Posts Tagged "Chinese culture"

Chinese cultural orientation: collectivism

Chinese cultural orientation: collectivism

Chinese cultural orientations You can recognize the cultural Chinese values even from poster and billboards. In an advert (no idea of what) my attention has been drawn by a sentence of „No skills, no dreams” (see photo). When I would formulate a sentence about a dream, it would be like this „When You have dreams, You can achieve them” or „Dreams are seeds of achievements”, just in an opposite way to this on the advert. A different way of thinking determines a different ways of acting. In order to understand the people’s behaviors, it is worth to know and understand the way the people from the given culture are thinking. Collectivism versus Individualism Another example of different way of thinking and behaving is a sentence on the billboard (see photo) as follow: „Love is work together. Love is never let go”. In Poland such a sentence would probably sound like „Love is a romance, love is an affection” as Polish people are very affective and emotional. In China, with collective orientation, where a wellbeing and a harmony of the group not the individuals is valued, such sentence is an exemplification of this cultural orientation. In Yangshuo I have spotted another billboard with a motto „Fire attached you and me, peace and happinness depend on all” being an example of such collectivism orientation and harmony. The different role of a group and an individual person in society reflect the notion of Individualism and Collectivism worked out by Geert Hofstede. Due to him „the fundamental issue addressed by this dimension is the degree of interdependence a society maintains among its members. It has to do with whether people´s self-image is defined in terms of “I” or “We” (from www.geert-hofstede.com). In Individualist societies people are supposed to look after themselves and their direct family only. In Collectivist societies people belong to ‘in groups’ that take care of them in exchange for loyalty. With a score of 20 of Individualism (IDV) China is a highly collectivist culture where people act in the interests of the group and not necessarily of themselves. Poland with IDS of 60 (in scale of 100) is quite in the middle, with much higher individualistic attitude than China, but...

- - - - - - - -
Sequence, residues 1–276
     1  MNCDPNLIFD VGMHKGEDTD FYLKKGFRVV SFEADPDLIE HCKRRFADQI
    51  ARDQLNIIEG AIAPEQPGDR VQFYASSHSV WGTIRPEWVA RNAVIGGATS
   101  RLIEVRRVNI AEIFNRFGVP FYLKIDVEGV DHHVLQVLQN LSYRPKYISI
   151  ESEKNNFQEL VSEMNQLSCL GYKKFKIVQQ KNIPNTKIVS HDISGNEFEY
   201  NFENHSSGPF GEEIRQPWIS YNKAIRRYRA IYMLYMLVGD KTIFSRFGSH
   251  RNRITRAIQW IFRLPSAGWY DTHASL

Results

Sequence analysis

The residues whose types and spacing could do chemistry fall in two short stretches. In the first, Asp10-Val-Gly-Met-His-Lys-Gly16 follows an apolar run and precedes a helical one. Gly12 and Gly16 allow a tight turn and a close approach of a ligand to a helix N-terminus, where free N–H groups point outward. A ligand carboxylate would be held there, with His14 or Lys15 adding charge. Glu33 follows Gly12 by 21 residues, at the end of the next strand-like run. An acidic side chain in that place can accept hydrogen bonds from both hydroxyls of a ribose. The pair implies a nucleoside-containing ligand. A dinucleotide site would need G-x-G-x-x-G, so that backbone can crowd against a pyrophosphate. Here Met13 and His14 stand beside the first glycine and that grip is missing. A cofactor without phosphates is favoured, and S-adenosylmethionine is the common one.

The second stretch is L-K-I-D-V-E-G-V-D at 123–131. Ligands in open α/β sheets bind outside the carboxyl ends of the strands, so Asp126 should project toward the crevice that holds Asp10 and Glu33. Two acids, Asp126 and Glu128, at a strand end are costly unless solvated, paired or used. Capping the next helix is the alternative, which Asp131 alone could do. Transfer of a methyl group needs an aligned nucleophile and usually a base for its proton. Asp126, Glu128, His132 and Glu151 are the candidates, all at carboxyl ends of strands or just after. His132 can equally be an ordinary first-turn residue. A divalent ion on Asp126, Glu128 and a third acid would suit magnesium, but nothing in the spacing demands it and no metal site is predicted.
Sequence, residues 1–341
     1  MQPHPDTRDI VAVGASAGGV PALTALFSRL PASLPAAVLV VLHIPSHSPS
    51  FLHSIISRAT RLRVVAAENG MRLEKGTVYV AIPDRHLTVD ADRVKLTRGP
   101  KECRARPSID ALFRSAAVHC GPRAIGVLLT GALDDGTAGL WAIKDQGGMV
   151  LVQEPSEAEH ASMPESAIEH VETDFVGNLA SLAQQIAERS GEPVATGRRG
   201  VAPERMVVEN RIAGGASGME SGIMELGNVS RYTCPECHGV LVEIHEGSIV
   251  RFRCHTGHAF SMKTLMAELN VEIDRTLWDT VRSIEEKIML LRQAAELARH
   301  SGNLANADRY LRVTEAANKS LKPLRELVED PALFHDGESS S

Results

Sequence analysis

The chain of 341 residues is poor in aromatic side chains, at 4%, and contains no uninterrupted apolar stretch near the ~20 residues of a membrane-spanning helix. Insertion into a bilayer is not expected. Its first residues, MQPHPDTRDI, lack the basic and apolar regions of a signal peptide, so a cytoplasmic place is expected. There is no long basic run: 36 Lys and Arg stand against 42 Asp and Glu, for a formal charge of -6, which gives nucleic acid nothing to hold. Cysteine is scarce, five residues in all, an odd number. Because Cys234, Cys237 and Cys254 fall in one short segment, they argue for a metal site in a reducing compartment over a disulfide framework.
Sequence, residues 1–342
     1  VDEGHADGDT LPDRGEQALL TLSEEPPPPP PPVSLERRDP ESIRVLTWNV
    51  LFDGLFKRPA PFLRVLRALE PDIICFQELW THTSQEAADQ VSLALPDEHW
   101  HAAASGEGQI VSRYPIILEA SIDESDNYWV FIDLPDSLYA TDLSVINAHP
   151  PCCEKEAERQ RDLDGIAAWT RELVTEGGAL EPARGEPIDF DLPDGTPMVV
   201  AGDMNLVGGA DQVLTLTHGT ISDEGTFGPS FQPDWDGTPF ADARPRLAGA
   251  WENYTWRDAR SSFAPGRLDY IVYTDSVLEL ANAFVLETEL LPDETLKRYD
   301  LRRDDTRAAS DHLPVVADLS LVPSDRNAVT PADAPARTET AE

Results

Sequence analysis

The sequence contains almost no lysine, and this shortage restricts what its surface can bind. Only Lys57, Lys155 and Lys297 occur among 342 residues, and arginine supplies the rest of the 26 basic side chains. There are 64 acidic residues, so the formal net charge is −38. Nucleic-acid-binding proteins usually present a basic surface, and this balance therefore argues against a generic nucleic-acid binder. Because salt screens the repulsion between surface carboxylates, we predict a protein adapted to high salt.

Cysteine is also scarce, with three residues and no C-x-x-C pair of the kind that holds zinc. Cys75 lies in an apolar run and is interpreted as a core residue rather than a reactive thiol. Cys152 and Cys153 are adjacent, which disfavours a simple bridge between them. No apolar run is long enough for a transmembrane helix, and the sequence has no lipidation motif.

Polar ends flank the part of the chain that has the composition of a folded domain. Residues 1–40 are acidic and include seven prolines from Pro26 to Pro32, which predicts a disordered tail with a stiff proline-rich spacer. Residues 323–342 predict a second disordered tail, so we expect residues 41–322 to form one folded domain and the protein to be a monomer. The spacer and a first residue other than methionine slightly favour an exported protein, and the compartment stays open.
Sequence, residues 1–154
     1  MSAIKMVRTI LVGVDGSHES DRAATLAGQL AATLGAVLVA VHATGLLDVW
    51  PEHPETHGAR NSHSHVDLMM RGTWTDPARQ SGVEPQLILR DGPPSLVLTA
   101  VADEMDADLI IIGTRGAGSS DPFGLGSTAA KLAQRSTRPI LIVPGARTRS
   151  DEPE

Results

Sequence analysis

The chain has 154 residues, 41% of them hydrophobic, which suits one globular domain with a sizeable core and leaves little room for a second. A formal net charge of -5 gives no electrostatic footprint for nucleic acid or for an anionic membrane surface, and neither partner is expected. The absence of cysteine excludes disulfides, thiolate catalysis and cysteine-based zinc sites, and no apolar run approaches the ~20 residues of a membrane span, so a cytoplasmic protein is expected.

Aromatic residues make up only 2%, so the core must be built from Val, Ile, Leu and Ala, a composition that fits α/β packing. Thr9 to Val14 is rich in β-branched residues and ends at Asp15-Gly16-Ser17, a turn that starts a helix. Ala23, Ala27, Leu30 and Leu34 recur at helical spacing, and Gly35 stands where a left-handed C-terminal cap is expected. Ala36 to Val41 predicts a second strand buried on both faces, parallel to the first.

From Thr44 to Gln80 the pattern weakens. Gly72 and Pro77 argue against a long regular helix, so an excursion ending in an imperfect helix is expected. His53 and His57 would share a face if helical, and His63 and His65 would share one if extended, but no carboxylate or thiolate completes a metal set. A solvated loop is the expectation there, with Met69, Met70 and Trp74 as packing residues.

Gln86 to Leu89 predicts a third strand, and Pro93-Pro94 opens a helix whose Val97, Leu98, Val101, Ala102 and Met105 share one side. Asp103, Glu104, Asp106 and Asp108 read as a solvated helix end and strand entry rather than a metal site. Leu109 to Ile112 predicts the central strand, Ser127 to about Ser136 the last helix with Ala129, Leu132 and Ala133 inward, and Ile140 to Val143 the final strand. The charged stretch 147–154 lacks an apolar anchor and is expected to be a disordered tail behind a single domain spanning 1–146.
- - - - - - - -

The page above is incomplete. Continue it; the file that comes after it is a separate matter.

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China

China

China „Time is time, money are money”– with this sentence a speaker at the Expo China Poland 2012 has ended her presentation on the differences in approach to business in China. China is the second large economy in the world, so it is worth to take closer look to the ways of communications and building relations with Chine from perspective of Polish culture. To understand another culture you should be are of the differences and commonalities between your culture and this of counterpart. Only when you are aware of differences and you know what is the background of them you can understand the behaviour of another person and respect them. When you know what have you common with another person, you can easy build on these commonalities the relations. The differences are huge, this visible, which you can recognise at first glimpse and these invisible –in values, beliefs which are shown off in behaviour. Knowing the differences you can start understanding Chinese culture. China New Year New Year –in January, different date in every year Be aware of this when planning business trip and sending New Year greetings Poland New Year Always on 1st January China Chinese sign of Zodiac – all represents animals Monkey, Rooster, Dog, Pig, Rat, Ox, Tiger, Rabbit, Dragon, Snake, Horse, Sheep   Poland Sign of Zodiac – represents people and animal Aries, Taurus, Gemini, Cancer, Leo, Virgo, Libra, Scorpio, Sagittarius, Capricorn, Aquarius, Pisces.  China Cuisine A lot of rice, noodles, no milk products, no potatoes, no bread, a lot of spices (hot).  Poland A lof of bread, potatoes, Polish spices used are mild, no eating of snakes. China Alphabet Chinese characters are logograms. In Chinese orthography, the characters are largely morph syllabic, each corresponding to a spoken syllable with a distinct meaning. However, the majority of Chinese words today consist of two or more character (會意字, huìyìzì). Examples: „Woman and child” 好   – good „Woman under the roof” 安 – peace, harmony, quiet „Pig under the roof” 家  – home, family „Field and heart” 思  – thought thinking; „Field and plough” 男  – man source: Wikipedia New characters are still invented, the alphabet is living. They write top down. This system of Chinese characters...

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